How LLPAs came to be:
We all remember the time when mortgage pricing did not come with many rules. Government-backed loans began to break down and with very little regulation in place, lenders were able to easily manufacture high-risk subprime loans, and they were able to do it often. It wasn’t until the global financial crisis of 2008 that risk-based pricing was formalized by Fannie Mae and Freddie Mac.
The introduction of this legislation had two lasting effects. First, there is now much more guidance on exactly what level of risk can be associated with each loan. It has been made explicitly clear what types of loans are absolutely unacceptable. Second, risk-based pricing has been cemented into the mortgage loan process.
When you take pure risk-based pricing to the next level, you get LLPAs.
What are LLPAs?
Loan-level pricing adjustments (LLPAs) are exactly what they sound like. They are adjustments made to the price of the loan which ultimately impact the rate and fees a borrower is required to pay for a mortgage. Similar to car insurance, the riskier the borrower, the higher their costs. LLPAs are based on certain risk factors applicable to a mortgage, such as a low credit score, high loan-to-value (LTV), type of occupancy, and more. Further, LLPAs are calculated using overlays in the mortgage pricing process and equate to a percentage value of the total loan amount.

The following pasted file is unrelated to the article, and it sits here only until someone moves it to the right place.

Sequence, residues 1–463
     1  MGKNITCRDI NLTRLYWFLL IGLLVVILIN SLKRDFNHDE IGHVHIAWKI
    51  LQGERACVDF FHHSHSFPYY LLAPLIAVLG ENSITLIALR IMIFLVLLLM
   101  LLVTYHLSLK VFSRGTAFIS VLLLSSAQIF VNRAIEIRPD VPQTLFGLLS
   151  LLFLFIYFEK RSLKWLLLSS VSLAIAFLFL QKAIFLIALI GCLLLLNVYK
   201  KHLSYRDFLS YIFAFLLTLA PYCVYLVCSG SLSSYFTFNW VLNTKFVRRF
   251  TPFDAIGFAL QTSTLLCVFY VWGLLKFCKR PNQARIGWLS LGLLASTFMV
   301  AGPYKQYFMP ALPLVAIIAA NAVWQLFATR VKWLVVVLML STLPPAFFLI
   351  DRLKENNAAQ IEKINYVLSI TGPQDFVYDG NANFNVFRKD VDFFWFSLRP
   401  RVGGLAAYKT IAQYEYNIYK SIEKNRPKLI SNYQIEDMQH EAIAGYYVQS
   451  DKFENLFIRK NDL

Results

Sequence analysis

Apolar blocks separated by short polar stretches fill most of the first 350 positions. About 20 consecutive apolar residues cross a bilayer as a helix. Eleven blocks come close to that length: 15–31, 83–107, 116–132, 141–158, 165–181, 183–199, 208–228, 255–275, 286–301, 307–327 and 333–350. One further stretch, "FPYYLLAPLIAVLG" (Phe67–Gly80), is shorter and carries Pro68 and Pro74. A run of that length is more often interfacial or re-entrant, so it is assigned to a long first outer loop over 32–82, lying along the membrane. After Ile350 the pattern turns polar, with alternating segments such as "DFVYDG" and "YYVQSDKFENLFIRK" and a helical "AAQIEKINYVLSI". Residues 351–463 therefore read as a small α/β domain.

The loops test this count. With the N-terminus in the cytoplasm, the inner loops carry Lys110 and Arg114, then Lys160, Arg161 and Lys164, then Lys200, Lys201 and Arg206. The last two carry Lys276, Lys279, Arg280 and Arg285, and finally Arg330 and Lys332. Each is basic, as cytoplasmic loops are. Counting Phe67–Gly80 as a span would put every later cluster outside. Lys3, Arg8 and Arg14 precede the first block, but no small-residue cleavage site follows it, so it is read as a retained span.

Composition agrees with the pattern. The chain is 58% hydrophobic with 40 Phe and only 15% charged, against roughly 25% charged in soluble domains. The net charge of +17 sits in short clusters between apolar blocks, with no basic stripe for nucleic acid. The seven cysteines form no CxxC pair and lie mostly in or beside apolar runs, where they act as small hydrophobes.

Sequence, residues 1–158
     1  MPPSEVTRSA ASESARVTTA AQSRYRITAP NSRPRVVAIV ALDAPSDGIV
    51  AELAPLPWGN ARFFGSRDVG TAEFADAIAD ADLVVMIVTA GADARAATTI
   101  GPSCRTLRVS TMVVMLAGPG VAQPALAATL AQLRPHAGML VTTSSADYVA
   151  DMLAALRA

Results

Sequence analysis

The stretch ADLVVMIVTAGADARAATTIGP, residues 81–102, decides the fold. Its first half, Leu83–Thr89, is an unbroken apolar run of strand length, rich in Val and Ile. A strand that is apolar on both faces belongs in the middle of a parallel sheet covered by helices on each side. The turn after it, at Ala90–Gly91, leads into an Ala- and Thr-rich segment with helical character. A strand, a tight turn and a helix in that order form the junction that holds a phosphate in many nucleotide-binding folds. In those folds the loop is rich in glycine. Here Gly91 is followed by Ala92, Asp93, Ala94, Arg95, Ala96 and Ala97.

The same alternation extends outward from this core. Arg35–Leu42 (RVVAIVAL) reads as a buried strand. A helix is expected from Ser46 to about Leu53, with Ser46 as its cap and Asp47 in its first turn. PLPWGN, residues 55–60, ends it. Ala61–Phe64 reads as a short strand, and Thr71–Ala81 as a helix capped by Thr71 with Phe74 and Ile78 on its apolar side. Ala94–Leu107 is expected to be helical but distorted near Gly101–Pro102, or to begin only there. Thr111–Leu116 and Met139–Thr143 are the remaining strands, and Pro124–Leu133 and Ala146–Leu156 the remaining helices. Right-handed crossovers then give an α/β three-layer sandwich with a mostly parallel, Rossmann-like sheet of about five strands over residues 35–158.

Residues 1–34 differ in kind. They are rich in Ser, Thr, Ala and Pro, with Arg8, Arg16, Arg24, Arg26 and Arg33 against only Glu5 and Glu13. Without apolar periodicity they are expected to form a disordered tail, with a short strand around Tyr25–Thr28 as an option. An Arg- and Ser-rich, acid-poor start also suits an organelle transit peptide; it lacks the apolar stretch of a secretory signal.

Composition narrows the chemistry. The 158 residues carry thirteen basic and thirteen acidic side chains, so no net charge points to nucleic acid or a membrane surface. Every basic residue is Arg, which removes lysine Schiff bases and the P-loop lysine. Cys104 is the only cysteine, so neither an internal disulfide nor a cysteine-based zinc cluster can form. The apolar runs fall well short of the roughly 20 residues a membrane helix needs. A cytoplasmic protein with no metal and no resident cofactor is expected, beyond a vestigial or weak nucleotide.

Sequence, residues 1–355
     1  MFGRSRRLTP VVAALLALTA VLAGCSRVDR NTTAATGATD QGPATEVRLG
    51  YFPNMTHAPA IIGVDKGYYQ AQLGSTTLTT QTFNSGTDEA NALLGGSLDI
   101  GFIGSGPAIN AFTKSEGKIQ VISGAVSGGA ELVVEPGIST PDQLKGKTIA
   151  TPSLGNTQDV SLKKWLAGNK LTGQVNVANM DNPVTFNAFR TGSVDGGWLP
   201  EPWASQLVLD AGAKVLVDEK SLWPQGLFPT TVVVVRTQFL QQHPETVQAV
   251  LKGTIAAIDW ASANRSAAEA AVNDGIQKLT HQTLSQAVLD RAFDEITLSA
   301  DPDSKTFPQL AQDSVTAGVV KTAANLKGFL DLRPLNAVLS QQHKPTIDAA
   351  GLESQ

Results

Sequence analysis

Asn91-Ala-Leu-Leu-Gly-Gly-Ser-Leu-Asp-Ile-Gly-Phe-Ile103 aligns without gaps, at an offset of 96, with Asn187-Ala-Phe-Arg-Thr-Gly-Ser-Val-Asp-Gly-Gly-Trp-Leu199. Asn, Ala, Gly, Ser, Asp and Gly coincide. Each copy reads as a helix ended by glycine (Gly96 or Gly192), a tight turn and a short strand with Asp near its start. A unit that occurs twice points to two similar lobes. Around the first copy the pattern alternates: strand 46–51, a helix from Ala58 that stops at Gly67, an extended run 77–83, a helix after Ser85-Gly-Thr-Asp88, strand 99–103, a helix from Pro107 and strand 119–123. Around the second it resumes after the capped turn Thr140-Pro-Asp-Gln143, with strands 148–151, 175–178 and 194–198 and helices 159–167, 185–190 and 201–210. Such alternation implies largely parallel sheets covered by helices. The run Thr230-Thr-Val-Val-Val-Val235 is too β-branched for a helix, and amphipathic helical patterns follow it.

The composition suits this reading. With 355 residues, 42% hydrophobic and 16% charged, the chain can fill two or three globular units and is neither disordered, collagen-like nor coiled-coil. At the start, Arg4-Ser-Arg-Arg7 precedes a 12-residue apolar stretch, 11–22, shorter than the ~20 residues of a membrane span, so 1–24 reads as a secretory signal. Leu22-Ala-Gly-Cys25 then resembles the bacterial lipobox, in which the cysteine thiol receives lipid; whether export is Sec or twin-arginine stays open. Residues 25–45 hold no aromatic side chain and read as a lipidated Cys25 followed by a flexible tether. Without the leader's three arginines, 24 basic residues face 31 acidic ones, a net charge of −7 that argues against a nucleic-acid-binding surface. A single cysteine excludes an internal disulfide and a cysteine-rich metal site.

Why use LLPAs?
Without LLPAs, lenders are left with simplistic, base pricing. While a very basic pricing approach might work just fine, lenders that wish to become more advanced in their mortgage pricing strategies should be able to identify areas of price sensitivity where they can be more productive in terms of price or margin management.
When pricing a loan, lenders can use LLPA overlays to create offsets to price the number of adjustments on each customer segment up or down based on how competitive and/or price sensitive that area is. LLPAs are an easy way to account for specific granular adjustments and they can be applied as needed—be it finitely or in a temporary capacity. By utilizing these small adjustments, lenders can get a little more or a little less volume to attain the margins they desire. With LLPAs, risk-based pricing and price sensitivity can be evaluated in tandem, resulting in a confluence model between risk and price sensitivity.
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